While one can easily get roused and riled by the sheer tonnage of lazy film-to-tv reboots, or the mixed bag of nostalgic continuations (The X-Files, Full House, etc.), it’s important to remember that television is still where some of the offbeat stories are being told by major visual artists. One must be mindful that TV gave a home to Steven Soderbergh – the extraordinary Cinemax series, The Knick – when the major studios limited his vision considerably, and held him back from taking on bigger, more ambitious, and, in all likelihood, hugely popular works; he even showed interest in directing one of those silly superhero movies, for crying out loud. AMC and FX proved themselves similarly ambitious houses for such striking and odd stories with today’s announcement of Season 3 renewals of Halt and Catch Fire and Tyrant, two massively fascinating dramas that deserve audiences three times as big as the cultish viewers they play for now.
For Tyrant, Season 2 saw the admittedly still problematic Adam Rayner settling into his lead role more convincingly than the intriguing but troubled first season, whereas Ashraf Barhom turned in an awards-worthy study in despotic psychology in the role of Jamal Al-Fayeed, one of the more interesting political roles on television right now. Tyrant certainly sharpened its thematic point this year, but Halt and Catch Fire has proven to be one of the most remarkable and stunningly detailed melodramas around, giving a broad, immaculately styled stage to some of the best performers that television has schooled, from Lee Pace and Toby Huss to Scoot McNairy and Mackenzie Davis, and an especially moving performance from Kerry Bishé as a hungry entrepreneur and the beleaguered wife of McNairy’s computer genius. Though neither have the thrilling camerawork and stylized atmosphere as The Knick or, for that matter, Mr. Robot, they are nevertheless taken with strange desires, complex emotions, and open, convincingly argued politics, and have the unshakeable sense of a world built out of meticulous, lively images.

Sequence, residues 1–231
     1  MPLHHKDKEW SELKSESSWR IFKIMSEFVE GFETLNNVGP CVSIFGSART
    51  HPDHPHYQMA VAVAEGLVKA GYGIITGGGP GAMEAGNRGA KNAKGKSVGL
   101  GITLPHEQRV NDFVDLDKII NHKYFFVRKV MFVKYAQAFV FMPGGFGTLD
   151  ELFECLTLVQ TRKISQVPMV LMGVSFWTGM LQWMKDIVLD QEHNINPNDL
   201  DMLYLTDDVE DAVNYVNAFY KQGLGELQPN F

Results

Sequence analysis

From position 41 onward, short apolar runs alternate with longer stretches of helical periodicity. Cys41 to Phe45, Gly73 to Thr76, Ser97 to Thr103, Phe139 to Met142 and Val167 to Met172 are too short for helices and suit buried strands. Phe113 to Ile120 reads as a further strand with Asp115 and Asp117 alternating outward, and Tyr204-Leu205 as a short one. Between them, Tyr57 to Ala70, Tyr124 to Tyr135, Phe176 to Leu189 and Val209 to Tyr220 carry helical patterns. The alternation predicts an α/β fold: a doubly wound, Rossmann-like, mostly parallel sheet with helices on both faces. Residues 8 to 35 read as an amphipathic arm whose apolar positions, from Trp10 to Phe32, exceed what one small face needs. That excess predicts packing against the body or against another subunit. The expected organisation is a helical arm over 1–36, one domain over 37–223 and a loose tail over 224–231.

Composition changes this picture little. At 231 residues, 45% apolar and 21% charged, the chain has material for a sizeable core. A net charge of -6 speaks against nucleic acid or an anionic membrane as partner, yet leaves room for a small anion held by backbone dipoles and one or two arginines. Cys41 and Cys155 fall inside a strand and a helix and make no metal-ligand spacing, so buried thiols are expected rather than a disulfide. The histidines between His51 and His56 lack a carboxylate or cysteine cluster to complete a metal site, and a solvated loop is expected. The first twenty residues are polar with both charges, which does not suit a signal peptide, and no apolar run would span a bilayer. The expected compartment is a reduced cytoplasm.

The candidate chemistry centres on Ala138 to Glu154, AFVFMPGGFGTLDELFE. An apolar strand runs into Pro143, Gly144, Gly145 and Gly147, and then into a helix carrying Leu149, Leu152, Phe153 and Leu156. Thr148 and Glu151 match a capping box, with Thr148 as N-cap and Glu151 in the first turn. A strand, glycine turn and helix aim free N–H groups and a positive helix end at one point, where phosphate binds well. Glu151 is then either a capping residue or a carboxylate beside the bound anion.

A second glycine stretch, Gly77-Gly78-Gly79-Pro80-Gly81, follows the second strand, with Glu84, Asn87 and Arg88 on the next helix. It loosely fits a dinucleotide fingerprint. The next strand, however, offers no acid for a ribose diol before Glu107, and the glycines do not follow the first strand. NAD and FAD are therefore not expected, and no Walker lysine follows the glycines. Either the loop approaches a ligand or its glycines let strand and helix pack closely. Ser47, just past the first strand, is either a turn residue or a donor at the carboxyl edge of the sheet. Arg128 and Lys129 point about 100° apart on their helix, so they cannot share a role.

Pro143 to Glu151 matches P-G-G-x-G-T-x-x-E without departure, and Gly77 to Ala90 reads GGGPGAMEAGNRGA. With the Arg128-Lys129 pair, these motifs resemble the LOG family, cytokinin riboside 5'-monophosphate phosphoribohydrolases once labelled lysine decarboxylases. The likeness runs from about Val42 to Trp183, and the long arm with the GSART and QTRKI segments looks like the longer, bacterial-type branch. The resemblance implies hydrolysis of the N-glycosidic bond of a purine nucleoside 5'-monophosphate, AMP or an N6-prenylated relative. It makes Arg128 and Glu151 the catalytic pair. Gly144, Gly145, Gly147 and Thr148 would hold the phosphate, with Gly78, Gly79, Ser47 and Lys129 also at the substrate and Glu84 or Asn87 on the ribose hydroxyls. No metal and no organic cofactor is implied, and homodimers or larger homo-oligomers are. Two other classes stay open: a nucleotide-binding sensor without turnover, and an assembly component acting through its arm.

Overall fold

Check out which of your favorite shows were renewed on our handy-dandy TV Lifeline.